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Davina McCall continues to speak out about menopause, announcing that there'll be a follow up documentary to her Channel 4 doc, Davina McCall: Sex, Myths, and the Menopause, in 2022. “You don’t have to be menopausal. You don’t have to be a woman. This is something everyone needs to know,” says McCall in the opening of her first documentary. 

The first documentary, which has been watched by over two million people, has received 3 television awards including a BAFTA Scotland. The follow up documentary which will be called Davina McCall: The Menopause Brain Drain will focus on how women experiencing menopause are sidelined in the workplace.

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 Since the release of the documentary in May 2021, British TV presenter and former host of well-known reality show Big Brother, has been breaking the taboo over public discussions about menopause and perimenopause, and has persuaded schools to educate their students about the subject. In the Uk, an approximate of 13 million women are peri- or post- menopausal. So why are discussions about menopause so taboo if it affects so many? Apart from the general patriarchal phobia towards discussions about periods and women’s bodies, the taboo behind discussions about menopause lies in the notion of ageism as McCall reflects in her documentary. Far too often, women are persuaded by the media to prevent themselves from ageing using anti-ageing products, and so it is unsurprising why women may shy away from talking about the menopause as it may make them seem old. But McCall hopes to break this stereotype by publicly disscussing the menopause.

In the first documentary, McCall discusses  some of the unknown symptoms of menopause that aren’t told to us by doctors. Naturally, most will relate hot flushes to menopause as more than 57% of women will experience them in their menopausal years according to the Australian Menopause Centre, and as many as 75% of women in North America experience menopausal hot flushes. However, many women in the documentary, including medical proffessionals, share their experiences of having other menopausal symptoms like headaches, hair loss, brain fog, lower libido, and disturbed sleep. According to Healthline, every person’s experience with menopause is different and they confirm the latter symptoms as symptoms of menopause, alongside a list of other symptoms inlcuding: vaginal dryness, weight gain, depression, anxiety, difficulty concentrating, memory problems, dry skin, mouth, and eyes, increased urination, sore or tender breasts, racing heart, urinary tract infections (UTIs, reduced muscle mass, painful or stiff joints, reduced bone mass, less full breasts, and increased hair growth on other areas of the body, such as the face, neck, chest, and upper back.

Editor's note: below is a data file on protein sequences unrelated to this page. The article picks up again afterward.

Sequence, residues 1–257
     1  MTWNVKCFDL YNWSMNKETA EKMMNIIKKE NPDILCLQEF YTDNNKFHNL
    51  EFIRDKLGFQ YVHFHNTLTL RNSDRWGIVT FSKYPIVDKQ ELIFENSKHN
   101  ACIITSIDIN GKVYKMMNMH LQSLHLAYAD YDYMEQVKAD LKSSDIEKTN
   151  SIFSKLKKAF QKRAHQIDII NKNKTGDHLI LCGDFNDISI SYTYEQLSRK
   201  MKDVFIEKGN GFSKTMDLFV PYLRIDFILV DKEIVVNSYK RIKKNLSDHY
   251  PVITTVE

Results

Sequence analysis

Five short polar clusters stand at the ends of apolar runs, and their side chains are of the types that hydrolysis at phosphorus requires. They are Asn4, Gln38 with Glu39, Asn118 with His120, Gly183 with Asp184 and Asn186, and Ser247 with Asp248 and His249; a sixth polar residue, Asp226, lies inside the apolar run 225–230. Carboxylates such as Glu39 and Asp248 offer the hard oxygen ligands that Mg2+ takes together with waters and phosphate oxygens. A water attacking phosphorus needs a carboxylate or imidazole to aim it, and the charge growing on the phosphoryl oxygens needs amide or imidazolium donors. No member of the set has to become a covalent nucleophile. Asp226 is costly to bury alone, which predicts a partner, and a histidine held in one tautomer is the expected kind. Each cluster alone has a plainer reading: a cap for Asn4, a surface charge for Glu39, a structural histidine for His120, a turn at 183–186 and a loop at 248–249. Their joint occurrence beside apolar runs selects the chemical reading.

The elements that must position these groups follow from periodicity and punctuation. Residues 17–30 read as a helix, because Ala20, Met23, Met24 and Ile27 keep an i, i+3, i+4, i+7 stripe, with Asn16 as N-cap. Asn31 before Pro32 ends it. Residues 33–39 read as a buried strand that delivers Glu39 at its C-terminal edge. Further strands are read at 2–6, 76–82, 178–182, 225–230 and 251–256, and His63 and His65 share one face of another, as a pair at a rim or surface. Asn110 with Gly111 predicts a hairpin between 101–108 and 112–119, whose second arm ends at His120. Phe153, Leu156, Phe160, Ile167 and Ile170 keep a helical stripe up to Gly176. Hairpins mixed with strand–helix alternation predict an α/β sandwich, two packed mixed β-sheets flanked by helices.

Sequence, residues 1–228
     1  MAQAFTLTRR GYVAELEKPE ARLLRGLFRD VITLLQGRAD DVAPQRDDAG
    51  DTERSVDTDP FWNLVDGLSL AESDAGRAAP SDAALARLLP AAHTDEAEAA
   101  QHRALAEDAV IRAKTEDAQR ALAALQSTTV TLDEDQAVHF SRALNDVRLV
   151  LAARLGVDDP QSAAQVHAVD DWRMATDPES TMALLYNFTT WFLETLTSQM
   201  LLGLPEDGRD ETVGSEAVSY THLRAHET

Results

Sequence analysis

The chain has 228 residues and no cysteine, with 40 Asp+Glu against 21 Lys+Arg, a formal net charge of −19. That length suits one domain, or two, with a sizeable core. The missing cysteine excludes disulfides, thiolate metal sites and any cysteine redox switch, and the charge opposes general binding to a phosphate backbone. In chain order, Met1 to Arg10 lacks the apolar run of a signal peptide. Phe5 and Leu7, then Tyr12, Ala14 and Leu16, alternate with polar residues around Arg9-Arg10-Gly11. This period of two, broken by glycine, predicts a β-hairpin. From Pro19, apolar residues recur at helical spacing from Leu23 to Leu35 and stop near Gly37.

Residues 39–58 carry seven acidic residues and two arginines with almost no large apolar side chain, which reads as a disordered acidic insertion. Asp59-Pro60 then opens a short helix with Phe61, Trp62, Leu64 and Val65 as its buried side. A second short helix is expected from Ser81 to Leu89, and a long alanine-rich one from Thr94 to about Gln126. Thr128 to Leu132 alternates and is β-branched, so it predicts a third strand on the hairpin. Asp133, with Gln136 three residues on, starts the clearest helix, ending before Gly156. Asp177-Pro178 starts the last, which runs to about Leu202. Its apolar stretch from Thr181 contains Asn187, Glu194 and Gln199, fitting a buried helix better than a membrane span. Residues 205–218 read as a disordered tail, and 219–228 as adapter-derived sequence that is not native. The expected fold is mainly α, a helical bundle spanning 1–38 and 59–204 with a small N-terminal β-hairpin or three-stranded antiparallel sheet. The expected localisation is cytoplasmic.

Speaking of the incredible response that her first documentary received, she said, “I have never had a reaction like the one I received after Sex, Myths and the Menopause aired.”